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State Government Spending Cuts Could Lead to Higher Unemployment

WASHINGTON - As state governments face budget gaps of tens of billions of dollars in FY 2009 and FY 2010, the Center for Economic and Policy Research
(CEPR) today released an issue brief that calculates the potential
detrimental effects of state budget cuts on unemployment in the states.

The issue brief, "The Effect of Budget Belt-Tightening on Employment,"
demonstrates that in a worst case scenario -  in which state
governments address their budget shortfalls with only spending cuts -
budget belt-tightening would lead to losses of over 350,000 jobs in FY
2009 and almost 900,000 jobs in FY 2010.  The brief includes job loss
estimates for every state that has reported a budget gap.

"Spending
cuts have the effect of restricting demand and increasing unemployment.
During a recession, when the economy is already shrinking, these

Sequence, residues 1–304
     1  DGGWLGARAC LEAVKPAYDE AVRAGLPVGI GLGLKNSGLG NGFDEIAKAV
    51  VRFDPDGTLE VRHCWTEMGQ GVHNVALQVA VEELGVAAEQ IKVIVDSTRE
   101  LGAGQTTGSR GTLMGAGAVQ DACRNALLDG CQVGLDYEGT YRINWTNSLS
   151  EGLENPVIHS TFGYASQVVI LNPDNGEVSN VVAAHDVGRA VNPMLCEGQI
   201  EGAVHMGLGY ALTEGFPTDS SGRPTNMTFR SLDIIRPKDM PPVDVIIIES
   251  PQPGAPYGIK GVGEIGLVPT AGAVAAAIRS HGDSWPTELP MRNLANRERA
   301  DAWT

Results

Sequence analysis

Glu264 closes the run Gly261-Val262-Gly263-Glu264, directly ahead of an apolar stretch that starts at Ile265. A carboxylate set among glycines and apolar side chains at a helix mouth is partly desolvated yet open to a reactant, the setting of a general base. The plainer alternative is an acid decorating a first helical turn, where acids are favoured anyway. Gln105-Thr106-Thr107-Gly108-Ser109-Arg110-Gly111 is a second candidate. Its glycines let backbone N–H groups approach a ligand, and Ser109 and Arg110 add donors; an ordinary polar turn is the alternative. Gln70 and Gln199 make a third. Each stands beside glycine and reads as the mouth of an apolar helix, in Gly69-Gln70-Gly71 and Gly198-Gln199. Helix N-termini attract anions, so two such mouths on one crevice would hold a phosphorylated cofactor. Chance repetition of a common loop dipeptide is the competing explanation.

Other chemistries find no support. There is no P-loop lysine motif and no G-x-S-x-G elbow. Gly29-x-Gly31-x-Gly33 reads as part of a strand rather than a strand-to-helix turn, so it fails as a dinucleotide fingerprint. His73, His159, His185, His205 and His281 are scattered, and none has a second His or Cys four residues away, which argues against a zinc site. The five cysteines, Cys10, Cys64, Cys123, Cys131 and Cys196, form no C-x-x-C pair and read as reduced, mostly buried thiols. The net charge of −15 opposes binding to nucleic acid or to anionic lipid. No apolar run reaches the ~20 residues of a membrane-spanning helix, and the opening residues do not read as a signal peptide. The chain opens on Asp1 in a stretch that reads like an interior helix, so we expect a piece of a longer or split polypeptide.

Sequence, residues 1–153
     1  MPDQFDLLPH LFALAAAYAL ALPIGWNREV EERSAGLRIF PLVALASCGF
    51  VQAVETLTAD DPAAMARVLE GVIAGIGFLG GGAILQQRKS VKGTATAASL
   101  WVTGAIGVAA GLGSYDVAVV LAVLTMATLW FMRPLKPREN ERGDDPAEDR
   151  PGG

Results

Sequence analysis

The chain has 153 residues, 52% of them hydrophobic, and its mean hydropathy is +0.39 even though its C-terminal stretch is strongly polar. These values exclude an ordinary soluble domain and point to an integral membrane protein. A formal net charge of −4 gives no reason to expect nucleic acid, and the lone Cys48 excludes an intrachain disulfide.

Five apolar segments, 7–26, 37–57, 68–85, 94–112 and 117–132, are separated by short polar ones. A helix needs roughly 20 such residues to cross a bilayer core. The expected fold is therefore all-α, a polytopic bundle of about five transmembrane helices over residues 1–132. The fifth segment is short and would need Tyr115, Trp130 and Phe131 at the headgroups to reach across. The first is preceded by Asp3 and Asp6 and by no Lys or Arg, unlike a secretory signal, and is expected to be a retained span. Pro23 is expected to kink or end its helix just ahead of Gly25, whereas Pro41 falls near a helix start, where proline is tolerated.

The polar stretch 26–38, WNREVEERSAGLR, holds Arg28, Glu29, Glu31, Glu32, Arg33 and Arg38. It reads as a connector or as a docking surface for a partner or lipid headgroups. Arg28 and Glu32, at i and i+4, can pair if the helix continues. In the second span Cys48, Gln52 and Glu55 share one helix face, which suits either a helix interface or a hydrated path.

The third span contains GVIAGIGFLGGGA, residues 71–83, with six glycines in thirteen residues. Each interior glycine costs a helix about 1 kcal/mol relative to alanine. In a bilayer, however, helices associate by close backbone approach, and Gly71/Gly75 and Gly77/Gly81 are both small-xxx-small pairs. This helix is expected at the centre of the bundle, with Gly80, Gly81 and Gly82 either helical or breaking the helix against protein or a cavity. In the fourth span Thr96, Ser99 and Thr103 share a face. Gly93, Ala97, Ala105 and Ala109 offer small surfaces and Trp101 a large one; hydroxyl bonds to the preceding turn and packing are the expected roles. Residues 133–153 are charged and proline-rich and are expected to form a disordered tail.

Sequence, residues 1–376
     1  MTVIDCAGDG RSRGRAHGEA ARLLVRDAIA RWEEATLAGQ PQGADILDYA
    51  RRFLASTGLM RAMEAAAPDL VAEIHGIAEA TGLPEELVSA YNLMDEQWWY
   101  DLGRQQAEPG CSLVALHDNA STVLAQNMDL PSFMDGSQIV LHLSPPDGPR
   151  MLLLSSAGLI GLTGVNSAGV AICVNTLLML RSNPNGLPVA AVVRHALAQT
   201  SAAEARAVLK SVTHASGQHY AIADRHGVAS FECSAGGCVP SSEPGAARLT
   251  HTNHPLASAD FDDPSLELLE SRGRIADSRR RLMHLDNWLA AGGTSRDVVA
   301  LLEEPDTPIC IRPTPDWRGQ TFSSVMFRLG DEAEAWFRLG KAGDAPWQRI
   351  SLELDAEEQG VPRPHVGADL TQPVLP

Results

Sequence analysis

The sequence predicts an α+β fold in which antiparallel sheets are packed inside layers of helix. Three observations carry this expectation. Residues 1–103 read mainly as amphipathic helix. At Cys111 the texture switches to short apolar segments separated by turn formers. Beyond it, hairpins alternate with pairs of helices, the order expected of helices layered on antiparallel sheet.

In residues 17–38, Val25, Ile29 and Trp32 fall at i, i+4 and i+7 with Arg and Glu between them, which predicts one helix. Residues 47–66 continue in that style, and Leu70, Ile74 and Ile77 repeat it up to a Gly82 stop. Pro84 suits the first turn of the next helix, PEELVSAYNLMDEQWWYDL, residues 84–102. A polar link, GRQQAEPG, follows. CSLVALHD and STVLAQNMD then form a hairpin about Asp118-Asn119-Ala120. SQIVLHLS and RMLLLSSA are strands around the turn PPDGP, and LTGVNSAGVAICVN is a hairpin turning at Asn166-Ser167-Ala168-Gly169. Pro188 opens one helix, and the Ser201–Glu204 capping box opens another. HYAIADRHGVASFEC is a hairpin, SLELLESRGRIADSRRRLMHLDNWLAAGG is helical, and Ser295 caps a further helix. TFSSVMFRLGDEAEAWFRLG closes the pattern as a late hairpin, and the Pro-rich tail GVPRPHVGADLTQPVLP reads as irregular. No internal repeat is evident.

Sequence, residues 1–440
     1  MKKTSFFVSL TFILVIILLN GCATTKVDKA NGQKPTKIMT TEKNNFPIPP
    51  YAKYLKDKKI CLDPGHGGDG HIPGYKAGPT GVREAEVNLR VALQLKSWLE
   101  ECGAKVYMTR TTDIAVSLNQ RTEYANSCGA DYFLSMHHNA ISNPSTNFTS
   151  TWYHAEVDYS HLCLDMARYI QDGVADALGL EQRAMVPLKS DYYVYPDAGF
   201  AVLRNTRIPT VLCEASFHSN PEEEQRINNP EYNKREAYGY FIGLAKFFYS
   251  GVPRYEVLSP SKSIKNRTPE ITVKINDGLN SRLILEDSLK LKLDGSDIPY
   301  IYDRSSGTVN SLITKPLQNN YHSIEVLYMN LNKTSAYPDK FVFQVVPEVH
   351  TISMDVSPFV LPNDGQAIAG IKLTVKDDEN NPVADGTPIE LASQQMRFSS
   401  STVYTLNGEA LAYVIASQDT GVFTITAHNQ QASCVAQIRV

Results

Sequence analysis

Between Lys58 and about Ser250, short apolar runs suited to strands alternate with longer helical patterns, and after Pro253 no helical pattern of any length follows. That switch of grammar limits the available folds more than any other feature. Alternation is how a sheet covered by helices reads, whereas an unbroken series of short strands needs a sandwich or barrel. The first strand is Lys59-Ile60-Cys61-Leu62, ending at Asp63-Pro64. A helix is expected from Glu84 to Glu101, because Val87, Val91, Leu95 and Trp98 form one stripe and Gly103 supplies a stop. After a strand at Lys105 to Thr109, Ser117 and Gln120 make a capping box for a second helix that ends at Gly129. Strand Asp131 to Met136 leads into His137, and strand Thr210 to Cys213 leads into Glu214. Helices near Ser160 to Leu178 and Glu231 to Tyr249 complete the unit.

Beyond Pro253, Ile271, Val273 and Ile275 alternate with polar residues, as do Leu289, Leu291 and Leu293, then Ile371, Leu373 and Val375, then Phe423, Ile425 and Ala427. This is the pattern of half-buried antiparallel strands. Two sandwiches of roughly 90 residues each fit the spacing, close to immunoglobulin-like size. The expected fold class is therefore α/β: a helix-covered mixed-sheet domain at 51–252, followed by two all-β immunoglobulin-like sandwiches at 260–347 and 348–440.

'pro-cyclical' measures can make things worse," said Matthew Sherman,
Research Assistant at the Center for Economic and Policy Research and
author of the brief.

As
state and local governments are forbidden by law or tradition to run
budget deficits, they are limited in the methods they can use to remedy
their budget gaps.  As Congress considers a national economic recovery
package, this issue brief highlights the fact that aid to state and
local governments could help avoid spending cuts and ensuing job losses.

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